Arterial blood gas analysis and interpretation in anesthetized patients - Veterinary Medicine
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Arterial blood gas analysis and interpretation in anesthetized patients
Adding blood gas analysis to your clinical toolbox is easier than you may think—especially if you use the principles of interpretation outlined here.


VETERINARY MEDICINE


SIMPLIFIED APPROACH TO BLOOD GAS INTERPRETATION

Arterial blood gas analysis will provide two separate but related pieces of clinical information. First, it provides information on the respiratory status of the patient (PaO2, PaCO2, A-a). Second, it gives you information on the acid-base status of the patient (pH, HCO3 -, base excess).

Respiratory status


Table 2: The Five Causes of Hypoxemia in Anesthetized Patients
Oxygen is less diffusible than carbon dioxide, so impairments to diffusion will cause the A-a gradient to increase (Table 2). A more common cause of increased AaDO2 during anesthesia is the mixing of nonoxygenated blood with oxygenated blood (e.g. shunting or ventilation-perfusion [V/Q] mismatch). Unoxygenated hemoglobin will mix with oxygenated hemoglobin and steal oxygen away until both are equally saturated. Because of the shape of the oxyhemoglobin dissociation curve, the PaO2 will not directly tell you the magnitude of the arterial-venous mixing. During anesthesia, it is common to have increased V/Q mismatch and A-a gradients, especially in large animals.

Carbon dioxide production is usually relatively constant during anesthesia. Since most of the carbon dioxide produced is excreted through the lungs, changes in minute ventilation will alter measured PaCO2. When minute ventilation is doubled, the PaCO2 will decrease by about 50%. When minute ventilation is halved, the PaCO2 will about double. This relationship is worth knowing because it allows an anesthetist to adjust a ventilator to maintain a desired PaCO2 during anesthesia.

Acid-base status

The traditional approach to assessing acid-base status is based on the Henderson-Hasselbalch equation. The PaCO2 is an independent measure of the respiratory component of the acid-base balance, while extracellular base excess is an independent measure of the nonrespiratory (metabolic) component of acid-base balance, and the pH is used as a measure of overall acid-base status.


Table 3: Characteristics of Primary Acid-Base Disturbances
Four primary acid-base disturbances are possible: respiratory acidosis with increased carbon dioxide, respiratory alkalosis with decreased carbon dioxide, metabolic acidosis with decreased base excess, and metabolic alkalosis with increased base excess and HCO3 - (Table 3). Compensation may occur to reduce the magnitude of the primary abnormality, but it never results in overcorrection.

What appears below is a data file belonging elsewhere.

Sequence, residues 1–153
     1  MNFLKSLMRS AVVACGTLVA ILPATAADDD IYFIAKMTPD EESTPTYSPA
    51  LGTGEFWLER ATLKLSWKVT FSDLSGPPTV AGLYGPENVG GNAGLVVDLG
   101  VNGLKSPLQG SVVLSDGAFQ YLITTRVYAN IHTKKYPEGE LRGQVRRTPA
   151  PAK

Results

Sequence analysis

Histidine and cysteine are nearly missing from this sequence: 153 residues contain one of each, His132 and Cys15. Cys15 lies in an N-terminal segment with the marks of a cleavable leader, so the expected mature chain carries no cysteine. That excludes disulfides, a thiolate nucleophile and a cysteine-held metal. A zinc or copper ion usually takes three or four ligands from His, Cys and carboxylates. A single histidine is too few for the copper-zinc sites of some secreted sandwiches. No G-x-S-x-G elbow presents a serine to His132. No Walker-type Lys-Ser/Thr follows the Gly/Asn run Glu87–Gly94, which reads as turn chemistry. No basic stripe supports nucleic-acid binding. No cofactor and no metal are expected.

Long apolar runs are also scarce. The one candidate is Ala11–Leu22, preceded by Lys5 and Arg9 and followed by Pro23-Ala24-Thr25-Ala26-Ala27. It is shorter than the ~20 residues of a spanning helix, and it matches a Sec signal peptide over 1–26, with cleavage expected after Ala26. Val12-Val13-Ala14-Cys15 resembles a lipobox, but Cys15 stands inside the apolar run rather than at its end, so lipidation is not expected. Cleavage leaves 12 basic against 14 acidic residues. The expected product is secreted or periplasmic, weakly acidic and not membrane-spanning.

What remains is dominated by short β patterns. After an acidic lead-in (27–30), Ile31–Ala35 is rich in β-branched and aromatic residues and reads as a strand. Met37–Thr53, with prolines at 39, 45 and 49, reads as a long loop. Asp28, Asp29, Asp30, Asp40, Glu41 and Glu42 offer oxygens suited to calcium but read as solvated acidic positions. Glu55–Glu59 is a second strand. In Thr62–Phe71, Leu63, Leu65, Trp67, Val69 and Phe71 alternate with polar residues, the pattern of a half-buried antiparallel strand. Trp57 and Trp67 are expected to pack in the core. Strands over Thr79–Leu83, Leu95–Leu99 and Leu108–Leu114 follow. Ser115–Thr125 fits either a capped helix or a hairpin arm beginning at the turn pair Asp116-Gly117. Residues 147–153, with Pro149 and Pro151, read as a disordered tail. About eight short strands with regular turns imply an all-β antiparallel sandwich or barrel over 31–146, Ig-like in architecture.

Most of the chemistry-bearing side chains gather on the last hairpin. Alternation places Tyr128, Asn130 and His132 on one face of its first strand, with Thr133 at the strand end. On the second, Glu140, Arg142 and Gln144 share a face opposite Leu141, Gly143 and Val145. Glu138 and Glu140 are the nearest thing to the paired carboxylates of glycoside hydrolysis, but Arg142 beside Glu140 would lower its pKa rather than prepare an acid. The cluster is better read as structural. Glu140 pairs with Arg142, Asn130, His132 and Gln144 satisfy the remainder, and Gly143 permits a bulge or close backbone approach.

Acid-base disturbances are often corrected before or are tolerated during anesthesia. It may be less problematic to correct chronic abnormalities slowly rather than correcting them during a short anesthetic-surgical procedure. Acute respiratory depression or hypoxia is common during anesthesia and is usually corrected rapidly.

Three steps can be used to quickly assess the acid-base status of anesthetized patients.

Step 1. The first step is determining the primary disturbance. The pH indicates the direction of the primary condition. If the pH decreases, the primary condition is causing acidosis. If the pH increases, the primary condition is causing alkalosis.

Step 2. The second step is to determine if the primary condition has a respiratory component. If the primary condition is acidosis with a respiratory component, the PaCO2 should increase. If the PaCO2 were decreased, you could conclude that there is respiratory compensation, which can be partial or complete depending on the duration of the condition. Compensation takes some time and may not be obvious if the sample is collected early in the acid-base derangement.

If the primary condition is alkalosis with a respiratory component, the PaCO2 should be decreased. If PaCO2 is increased, it indicates respiratory compensation.

Step 3. The next step is to determine if the primary condition has a metabolic component. If the primary condition is acidosis with a metabolic component, the base excess and HCO3 - should be decreased. If it were increased, that would indicate metabolic compensation.

Conversely, if the primary disturbance is alkalosis with a metabolic component, then the base excess should be increased. A base excess and HCO3 - decrease would indicate metabolic compensation. Again, sufficient time is necessary for compensation to occur.


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Source: VETERINARY MEDICINE,
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